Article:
The Samaritan Woman and Thirst (John 4.1-42)

This passage is bleeding. There are seven hundred years of deep-seated racial hatred coursing through this passage between Jew and Samaritan. There is also religious hatred, with different views of the Bible and ways to worship God. There is nationalistic hatred, with terror being inflicted both ways. There is gender hatred: “Samaritan women are menstruants from the cradle” (Mishnah). In other words, Jewish men looked upon Samaritan women as dirty, vile, unclean, less than human. A recipe for abuse. The Apostle John simply summarizes the bleeding in this passage by saying, “(The) Jews have no dealings with Samaritans” (verse 9). 

Where John localizes the bleeding between Jew and Samaritan, Paul globalizes it, “For we know that the whole creation has been groaning…And not only the creation, but we ourselves…groan inwardly…” The word Paul picks for “groaning” was used for soldiers bleeding out on the battlefield. In other words, it is the death groan of someone watching their life source flow out of them. Where Paul globalizes the death groan, John zeroes in on what it looks like in one lone individual person: “A woman from Samaria came to draw water” (verse 7).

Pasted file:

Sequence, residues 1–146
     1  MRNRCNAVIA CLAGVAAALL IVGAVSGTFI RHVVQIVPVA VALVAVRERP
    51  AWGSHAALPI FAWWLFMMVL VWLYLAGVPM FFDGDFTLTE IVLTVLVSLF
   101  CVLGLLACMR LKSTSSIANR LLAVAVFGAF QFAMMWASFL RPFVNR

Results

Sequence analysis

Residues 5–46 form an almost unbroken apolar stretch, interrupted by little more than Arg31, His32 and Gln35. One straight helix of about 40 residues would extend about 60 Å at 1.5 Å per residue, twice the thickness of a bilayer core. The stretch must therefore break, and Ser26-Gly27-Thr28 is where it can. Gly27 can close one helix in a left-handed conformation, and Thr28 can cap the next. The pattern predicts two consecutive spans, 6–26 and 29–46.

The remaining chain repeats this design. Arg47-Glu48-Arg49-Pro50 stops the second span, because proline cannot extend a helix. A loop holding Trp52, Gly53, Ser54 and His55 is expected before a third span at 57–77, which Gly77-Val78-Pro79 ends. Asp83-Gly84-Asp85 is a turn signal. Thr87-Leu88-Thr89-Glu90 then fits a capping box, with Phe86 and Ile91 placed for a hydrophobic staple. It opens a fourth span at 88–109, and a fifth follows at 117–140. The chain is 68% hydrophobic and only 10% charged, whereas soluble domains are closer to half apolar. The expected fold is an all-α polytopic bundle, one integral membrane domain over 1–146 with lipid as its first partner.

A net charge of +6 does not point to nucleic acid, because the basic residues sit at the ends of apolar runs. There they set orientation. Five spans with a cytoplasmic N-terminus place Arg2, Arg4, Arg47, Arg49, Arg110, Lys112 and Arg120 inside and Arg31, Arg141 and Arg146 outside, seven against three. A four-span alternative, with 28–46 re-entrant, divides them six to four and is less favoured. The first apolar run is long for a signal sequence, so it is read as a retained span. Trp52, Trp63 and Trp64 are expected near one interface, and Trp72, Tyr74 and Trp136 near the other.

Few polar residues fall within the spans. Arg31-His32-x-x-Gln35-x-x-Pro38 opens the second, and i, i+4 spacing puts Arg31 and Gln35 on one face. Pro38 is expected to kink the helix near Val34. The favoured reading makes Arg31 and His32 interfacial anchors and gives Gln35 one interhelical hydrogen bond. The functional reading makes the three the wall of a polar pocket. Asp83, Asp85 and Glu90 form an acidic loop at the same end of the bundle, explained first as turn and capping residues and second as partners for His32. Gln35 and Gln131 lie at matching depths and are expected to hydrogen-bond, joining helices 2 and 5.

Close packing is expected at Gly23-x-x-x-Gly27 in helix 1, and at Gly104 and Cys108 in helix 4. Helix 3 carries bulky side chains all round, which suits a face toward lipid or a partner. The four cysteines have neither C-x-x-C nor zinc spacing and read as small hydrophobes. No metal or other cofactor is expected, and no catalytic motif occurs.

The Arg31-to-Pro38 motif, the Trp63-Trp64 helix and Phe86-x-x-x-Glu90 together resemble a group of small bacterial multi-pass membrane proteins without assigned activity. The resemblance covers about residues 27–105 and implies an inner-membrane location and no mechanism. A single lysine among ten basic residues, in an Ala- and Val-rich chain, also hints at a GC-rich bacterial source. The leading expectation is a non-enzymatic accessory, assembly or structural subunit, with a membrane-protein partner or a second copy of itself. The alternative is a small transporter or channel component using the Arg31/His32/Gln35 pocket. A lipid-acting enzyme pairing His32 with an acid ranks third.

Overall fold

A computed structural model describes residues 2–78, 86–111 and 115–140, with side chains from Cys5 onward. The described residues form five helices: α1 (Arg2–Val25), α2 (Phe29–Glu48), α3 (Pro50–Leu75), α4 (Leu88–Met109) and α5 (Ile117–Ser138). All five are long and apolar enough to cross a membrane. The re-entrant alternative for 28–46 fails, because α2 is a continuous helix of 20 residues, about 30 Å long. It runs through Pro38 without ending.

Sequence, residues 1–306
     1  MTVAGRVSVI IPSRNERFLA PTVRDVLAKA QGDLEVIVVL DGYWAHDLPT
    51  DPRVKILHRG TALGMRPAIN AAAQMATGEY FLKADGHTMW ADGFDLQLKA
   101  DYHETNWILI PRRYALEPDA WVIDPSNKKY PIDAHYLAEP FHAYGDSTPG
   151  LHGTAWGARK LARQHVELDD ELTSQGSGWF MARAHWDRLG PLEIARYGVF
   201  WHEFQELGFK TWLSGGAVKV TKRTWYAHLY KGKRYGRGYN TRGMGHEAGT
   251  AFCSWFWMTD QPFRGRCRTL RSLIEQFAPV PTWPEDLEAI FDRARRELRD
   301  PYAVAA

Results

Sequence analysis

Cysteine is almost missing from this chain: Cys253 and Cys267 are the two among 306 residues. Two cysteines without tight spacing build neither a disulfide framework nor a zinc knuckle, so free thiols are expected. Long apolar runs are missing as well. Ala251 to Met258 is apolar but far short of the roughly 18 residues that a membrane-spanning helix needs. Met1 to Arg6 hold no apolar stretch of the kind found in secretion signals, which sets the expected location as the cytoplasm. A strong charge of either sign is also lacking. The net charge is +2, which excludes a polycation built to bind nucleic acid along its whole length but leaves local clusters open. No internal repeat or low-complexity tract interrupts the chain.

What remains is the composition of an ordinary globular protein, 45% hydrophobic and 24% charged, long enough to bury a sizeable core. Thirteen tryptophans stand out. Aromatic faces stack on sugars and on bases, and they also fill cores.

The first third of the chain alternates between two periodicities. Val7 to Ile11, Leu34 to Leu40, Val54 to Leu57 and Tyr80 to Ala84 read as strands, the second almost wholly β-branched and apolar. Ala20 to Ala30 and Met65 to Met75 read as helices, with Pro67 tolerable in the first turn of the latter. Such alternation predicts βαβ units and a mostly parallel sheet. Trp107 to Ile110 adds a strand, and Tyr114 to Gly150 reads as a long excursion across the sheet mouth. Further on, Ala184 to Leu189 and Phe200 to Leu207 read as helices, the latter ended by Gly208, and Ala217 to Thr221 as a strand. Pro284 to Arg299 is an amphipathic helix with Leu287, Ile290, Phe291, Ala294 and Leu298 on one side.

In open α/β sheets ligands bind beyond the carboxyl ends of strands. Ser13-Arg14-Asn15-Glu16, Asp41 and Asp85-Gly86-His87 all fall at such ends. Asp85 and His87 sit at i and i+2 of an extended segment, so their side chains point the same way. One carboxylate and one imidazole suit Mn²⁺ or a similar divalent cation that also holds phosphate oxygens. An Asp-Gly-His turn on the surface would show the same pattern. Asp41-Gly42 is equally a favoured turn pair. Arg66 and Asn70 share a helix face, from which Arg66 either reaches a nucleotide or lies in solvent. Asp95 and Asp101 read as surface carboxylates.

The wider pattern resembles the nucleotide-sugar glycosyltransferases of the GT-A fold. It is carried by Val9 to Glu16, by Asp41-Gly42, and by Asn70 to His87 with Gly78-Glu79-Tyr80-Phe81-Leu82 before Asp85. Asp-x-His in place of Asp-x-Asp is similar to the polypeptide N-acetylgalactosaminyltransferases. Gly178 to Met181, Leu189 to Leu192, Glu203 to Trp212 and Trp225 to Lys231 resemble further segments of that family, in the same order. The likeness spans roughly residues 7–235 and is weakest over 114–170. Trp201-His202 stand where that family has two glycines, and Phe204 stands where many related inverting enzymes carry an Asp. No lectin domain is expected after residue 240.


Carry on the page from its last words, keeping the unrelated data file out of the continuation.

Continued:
Anyone who has lost a lot of blood understands how thirsty you get. So of course this woman is found at a well: “A woman from Samaria came to draw water” (verse 7). John scholar, Andreas Kostenberger, says “On a literal level, thirst is among the most intense and imperative human cravings. Hence, in Scripture thirst is used as a metaphor for (the need for God).”

What does her thirst or need for God look like? First, her thirst looks like loneliness and isolation. “Wells” in the Bible and the ancient world are places of friendship and community. She, however, goes to the well at the hottest time of the day (noon) alone. Second, her thirst looks like her sexual history (vv.16-18). She has tried to quench her thirst with men. Where are you bleeding? Where are you thirsty, in need of God?

This passage is bleeding, but Jesus heals: “Jesus said to her, ‘Everyone who drinks of this water will be thirsty again, but whoever drinks of the water that I will give him will never thirst again. The water that I will give him will become in him a spring of water welling up to eternal life.” What is the healing or living water that Jesus brings? “Wells” in the Bible are not only sororities for the women, but also pick-up places for the men. Think Isaac, Jacob, Moses. They found their wives at a well. This is why verse 4 tells us that Jesus had to pass through Samaria. Jesus had to find his bride! Calculate the number of men in her life. Verse 18 says she has had 5. Then Jesus says, “the one you now have is not your husband.” This brings the total to six.

Jesus at the well,  Jacob’s well, becomes the seventh man in her life. Seven is the perfect number in the Old Testament. It is the number of completeness, wholeness, and healing. Jesus is the man she has been looking for her whole life. Jesus is the living water. Jesus heals our bleeding hearts.